In the 1850's, the focus on Australia was all about gold and the boomtime rushes it created!
When you consider how 'gold fever' totally gripped the population in the 1850's and later decades, it is perhaps suprising to be told that the existence of gold in Australia was widely known well before 1851.
The crown knew, officially and unofficially, of gold finds during four decades previously, but since the official view that gold mining in New South Wales would be the ruination of the place as a penal colony or as a pastoralists' paradise, they had always suppressed such discoveries and in fact, tried in earnest to discourage further search.
The first authentic discoveries of gold in New South Wales had been made as early as 1814 by convicts hewing the road over the Blue Mountains. As every convict who found gold was promptly flogged, the discoveries soon ceased.
The first recorded find was in 1823 by a government surveyor, James Mcbrian, who "found numerous particles of gold in the sand and in the hills" near Bathurst NSW.
By 1850 probably a hundred people had actually found gold and thousands were aware of it. STRZELECKI, who claimed to be a polish count, tramped over 10,000 kilometres of Australia in 1839, saw some gold and took rock samples back to London.
In 1844, Reverend William CLARKE showed Governor GIPPS gold he had collected near Hartley and also some that was sent to him by friends in the country.
In 1845 a Sydney jeweller had gold displayed in his window, found over a period of years by a shephard named McGregor, nicknamed 'the gold-finder'.
Early in 1849 one of the founders of the Mittagong Ironworks showed the Governor some gold but refused to say where it had been found.
This time the Governor of NSW sent to England for a geological surveyor to supply him with a full report on Australia's mineral prospects.
With all of this gold around, why there was no gold rush or gold fever before 1851?
There are several possible answers to this question.
No one was prepared to get out and search for it;
No one here knew enough of the tell-tale signs;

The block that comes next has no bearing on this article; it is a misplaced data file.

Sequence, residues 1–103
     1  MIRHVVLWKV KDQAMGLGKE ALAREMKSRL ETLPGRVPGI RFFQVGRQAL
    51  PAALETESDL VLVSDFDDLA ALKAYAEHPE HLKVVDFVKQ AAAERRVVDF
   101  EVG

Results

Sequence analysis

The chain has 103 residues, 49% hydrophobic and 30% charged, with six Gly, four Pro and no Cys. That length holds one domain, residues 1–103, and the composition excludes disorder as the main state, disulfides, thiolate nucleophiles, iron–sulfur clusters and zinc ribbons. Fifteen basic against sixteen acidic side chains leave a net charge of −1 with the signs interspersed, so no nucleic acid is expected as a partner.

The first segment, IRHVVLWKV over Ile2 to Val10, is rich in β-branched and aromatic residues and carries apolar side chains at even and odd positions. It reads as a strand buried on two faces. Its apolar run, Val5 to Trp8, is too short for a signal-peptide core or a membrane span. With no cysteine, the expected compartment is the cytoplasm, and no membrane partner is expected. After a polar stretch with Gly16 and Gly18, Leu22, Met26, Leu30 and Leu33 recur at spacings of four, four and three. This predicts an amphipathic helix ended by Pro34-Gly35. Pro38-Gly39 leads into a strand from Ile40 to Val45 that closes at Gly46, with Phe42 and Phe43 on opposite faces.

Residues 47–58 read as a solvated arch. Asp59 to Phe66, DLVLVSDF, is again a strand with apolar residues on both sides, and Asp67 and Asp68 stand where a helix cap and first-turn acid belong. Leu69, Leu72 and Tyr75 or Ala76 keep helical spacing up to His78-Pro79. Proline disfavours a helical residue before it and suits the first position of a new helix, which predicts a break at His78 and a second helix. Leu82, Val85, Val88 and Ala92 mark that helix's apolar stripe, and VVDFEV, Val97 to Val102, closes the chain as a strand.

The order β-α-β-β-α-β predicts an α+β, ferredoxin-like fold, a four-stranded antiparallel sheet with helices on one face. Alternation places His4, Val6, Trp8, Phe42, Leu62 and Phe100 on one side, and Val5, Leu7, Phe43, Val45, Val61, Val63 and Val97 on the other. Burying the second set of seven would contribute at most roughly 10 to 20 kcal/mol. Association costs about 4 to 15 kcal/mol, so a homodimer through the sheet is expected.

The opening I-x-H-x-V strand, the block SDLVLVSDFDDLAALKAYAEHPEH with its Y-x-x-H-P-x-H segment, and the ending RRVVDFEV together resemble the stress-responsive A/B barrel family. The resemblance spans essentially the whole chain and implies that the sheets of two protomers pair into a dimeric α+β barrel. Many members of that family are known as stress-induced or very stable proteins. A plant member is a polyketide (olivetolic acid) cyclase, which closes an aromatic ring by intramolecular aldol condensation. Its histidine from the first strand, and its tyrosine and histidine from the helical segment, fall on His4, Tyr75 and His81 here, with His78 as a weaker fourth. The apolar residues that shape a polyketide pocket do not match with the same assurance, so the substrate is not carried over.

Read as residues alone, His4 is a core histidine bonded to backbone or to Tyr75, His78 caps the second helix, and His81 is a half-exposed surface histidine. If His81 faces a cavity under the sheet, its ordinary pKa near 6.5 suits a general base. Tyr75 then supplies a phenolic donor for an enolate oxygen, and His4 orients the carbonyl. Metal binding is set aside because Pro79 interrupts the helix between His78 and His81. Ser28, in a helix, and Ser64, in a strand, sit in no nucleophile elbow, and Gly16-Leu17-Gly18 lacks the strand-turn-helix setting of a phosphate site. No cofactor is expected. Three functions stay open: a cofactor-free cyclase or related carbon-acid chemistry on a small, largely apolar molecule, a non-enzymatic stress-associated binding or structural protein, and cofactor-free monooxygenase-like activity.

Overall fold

the gold finds had been too small to encourage anyone to undertake what would be an immense task.
An even bigger obstacle was the law, no individual or company could hope to profit by finding gold as any minerals found remained the property of the crown.
The discovery of gold in far-off California in early 1848 and the arrival of a man named Edward Hargraves was to change the whole situation.
EDWARD HARGRAVES, a huge man at 6 feet 5" tall and weighing over 20 stone.
He seemed to find hard work difficult and is characterized as a lazy dreamer and schemer but ready for any adventure.
Born in England, he had been a sailor and had worked in many parts of NSW as a station overseer, a farmer, a shipping agent and a hotel owner.
In 1846, when he was 32, Hargraves left his wife & 5 kids at Gosford, for nearly 5 years while he went along with many others, to the Californian goldrush of 1849.
Whilst he was there, he found out that digging was too hard for him so he stuck at it for only a few months.
Even so, in that time he did learn some important lessons.
He returned to Sydney in January 1851 determined to make his fortune, not from finding gold (which he knew existed) but from government rewards for finding gold.
Hargraves intended to create a gold rush; whether the gold was there or not did not matter, he believed that it was and was ready to pull off a gigantic bluff. With his assertions that soon a vast number of searchers would soon find some rich deposits and the government would be forced to alter the law that made the discovered gold, Crown property.
Hargraves borrowed money in Sydney to buy a horse and supplies and in early February headed west for Wellington, where McGregor 'the gold-finder' had worked.
He spent a night at a friend's hotel at Guyong and learned of many finds in the area.
In the next few days Hargraves and some other men searched and found a few tiny specks. Even to this day this area has yielded little, but Hargraves was not looking for gold in quantity.
He took the tiny specks and headed back to Sydney, showing his three brothers how to make and use a Californian 'cradle'.
In Sydney Hargraves showed the Colonial Secretary his specks of gold, demanded £500 compensation for his work plus an added reward and £30 to buy a new horse.